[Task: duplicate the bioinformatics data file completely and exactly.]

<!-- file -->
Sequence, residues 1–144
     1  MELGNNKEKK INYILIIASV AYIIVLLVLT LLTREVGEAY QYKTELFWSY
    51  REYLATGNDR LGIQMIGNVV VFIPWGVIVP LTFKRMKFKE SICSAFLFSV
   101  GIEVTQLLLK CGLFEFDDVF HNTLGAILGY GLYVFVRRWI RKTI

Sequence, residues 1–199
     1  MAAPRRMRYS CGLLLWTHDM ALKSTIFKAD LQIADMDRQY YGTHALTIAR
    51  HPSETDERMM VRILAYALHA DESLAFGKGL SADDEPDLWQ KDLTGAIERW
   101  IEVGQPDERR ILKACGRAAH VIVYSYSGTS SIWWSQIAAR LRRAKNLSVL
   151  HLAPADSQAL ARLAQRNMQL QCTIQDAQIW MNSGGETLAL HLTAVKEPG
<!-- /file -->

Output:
Sequence, residues 1–144
     1  MELGNNKEKK INYILIIASV AYIIVLLVLT LLTREVGEAY QYKTELFWSY
    51  REYLATGNDR LGIQMIGNVV VFIPWGVIVP LTFKRMKFKE SICSAFLFSV
   101  GIEVTQLLLK CGLFEFDDVF HNTLGAILGY GLYVFVRRWI RKTI

Sequence, residues 1–199
     1  MAAPRRMRYS CGLLLWTHDM ALKSTIFKAD LQIADMDRQY YGTHALTIAR
    51  HPSETDERMM VRILAYALHA DESLAFGKGL SADDEPDLWQ KDLTGAIERW
   101  IEVGQPDERR ILKACGRAAH VIVYSYSGTS SIWWSQIAAR LRRAKNLSVL
   151  HLAPADSQAL ARLAQRNMQL QCTIQDAQIW MNSGGETLAL HLTAVKEPG